How best do we whittle ourselves into instruments for change? Is it by sharpening our tongues, hardening our fists or sweetening our songs? That’s the question at the heart of One Night in Miami…, which posits the conversations that might have unfolded while boxer Cassius Clay/Muhammad Ali, activist Malcolm X, singer Sam Cooke and football player Jim Brown spent the evening of Feb. 25, 1964 together in a hotel room debating the merits of how, or if, the others addressed the issues at hand in the simmering civil rights movement.
That night, having won the world heavyweight championship title from Sonny Liston, Clay and the others holed up in the Hampton House Motel in Miami’s segregated Overtown neighborhood for something of a celebration. The next morning, Clay would announce his conversion to Islam and his name change to Muhammad Ali. He drops that news, to mixed reviews, early in the evening and it’s a revisited point that laces through the conversations that follow in a to-the-minute kind of storytelling.
For One Night in Miami…, finishing its world premiere run at the Denver Center for the Performing Arts on April 19, playwright Kemp Powers has saddled Clay with a heavy dose of bravado — think early generation renditions of that famous “float like a butterfly, sting like a bee” procla mation — but Colby Lewis carries the load with ease. His Clay tempers the boasting with the earnestness of a 22-year-old who has full confidence in his own skills and choices, and who cannot possibly imagine the ways in which those decisions will shade the decades to follow.
The bait laid in the early minutes of the play is that of Clay’s pending conversion, but it’s not the central conversation or argument of the night. How and why Clay was converted, and how the battle between Cooke and Malcom X affects any lingering doubts he might have, is unclear, though we know the outcome. He’ll convert, and be ostracised for it, and find a way to reemerge from that setback swinging.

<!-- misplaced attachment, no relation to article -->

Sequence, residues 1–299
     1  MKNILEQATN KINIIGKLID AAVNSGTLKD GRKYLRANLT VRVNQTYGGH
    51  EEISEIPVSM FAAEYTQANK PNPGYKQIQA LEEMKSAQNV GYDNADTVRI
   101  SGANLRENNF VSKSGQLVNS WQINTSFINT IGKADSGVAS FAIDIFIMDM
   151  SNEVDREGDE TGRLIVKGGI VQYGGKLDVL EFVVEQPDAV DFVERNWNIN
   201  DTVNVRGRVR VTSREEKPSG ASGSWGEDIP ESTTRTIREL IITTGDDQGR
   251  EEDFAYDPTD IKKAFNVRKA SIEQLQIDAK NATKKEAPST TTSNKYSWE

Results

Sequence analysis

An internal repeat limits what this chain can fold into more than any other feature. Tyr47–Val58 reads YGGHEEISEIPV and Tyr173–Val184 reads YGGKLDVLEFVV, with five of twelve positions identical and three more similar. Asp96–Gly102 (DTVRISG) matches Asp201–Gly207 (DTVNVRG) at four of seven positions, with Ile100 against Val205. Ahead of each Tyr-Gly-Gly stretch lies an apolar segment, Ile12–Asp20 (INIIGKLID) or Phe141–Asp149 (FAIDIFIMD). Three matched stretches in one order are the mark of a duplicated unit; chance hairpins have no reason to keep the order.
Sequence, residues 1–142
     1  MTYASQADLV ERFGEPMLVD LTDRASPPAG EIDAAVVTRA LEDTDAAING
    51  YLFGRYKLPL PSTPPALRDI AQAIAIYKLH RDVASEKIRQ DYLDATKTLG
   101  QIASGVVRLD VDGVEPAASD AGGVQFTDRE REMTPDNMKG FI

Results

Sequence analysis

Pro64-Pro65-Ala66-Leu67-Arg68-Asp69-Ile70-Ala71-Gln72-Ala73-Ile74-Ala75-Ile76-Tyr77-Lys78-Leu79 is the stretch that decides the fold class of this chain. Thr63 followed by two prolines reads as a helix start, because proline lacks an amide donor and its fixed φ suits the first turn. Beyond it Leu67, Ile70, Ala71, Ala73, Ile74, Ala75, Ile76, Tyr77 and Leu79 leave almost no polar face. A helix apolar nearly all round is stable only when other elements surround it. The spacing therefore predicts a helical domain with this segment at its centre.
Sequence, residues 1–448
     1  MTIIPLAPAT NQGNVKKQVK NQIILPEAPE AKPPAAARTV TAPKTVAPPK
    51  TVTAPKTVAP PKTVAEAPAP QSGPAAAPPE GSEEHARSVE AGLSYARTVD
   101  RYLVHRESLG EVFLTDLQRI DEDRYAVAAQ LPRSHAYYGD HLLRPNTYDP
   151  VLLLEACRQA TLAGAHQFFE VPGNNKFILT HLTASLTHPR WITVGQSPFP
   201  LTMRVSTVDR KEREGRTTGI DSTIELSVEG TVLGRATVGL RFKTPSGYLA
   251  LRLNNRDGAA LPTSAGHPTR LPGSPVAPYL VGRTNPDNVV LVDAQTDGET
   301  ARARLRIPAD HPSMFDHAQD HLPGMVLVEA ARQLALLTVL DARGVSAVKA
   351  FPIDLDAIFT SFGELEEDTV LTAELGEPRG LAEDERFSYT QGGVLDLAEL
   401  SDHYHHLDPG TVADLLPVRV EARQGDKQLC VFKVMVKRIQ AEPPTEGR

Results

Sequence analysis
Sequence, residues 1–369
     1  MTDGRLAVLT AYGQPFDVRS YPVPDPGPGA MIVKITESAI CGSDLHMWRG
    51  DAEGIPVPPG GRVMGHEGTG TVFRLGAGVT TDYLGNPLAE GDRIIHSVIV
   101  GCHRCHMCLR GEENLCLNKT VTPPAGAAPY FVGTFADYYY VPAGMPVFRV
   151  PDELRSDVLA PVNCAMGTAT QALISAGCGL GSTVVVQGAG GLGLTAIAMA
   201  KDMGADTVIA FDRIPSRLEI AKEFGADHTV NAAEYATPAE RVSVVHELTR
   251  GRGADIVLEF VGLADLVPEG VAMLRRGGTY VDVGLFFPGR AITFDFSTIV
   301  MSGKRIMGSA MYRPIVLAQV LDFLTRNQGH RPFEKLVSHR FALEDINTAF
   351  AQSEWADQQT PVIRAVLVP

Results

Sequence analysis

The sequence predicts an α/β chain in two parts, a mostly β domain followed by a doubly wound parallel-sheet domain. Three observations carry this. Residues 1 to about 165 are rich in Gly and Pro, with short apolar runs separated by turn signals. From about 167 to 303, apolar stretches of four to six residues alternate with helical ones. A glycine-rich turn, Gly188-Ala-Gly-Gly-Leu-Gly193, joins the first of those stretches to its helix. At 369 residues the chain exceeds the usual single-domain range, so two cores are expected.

One Night in Miami… is not the story of Cassius Clay becoming Muhammad Ali as much as it is the story is of Malcolm X being Malcolm X, and Sam Cooke being Sam Cooke. The two spar over one anothers roles, responsibilities and weapons of choice in confronting a deeply segregated and uncomfortable American landscape. Whether to fight or to charm, to integrate or extricate and even whether they prefer their racism overt or not makes for heady conversation.
Are athletes Brown and Clay gladiators sent to slaughter for the amusement of the crowd, or agents of change in their own right as they break barriers to access? And is Malcolm X, with his furious speeches and his suit-wearing body guards from the Nation of Islam, aiding the enemy? Cooke cautions him, “All that anger can keep people from seeing how righteous you are.”
Cooke, played marvelously by Nik Walker, gets mocked for making nice to white audiences, but he sees a chance for equality to come through music — one chart for one people, not one chart for R&B (black) musicians and one for pop (white) — and has founded his own record label to pursue that end. Not just a slice of the pie, indeed. He may not be ready to sing an anthem for change, but change might come anyway.
ON THE BILL: One Night in Miami… at the Denver Center for the Performing Arts, 1400 Curtis St., Denver, 800-641-1222. Through April 19.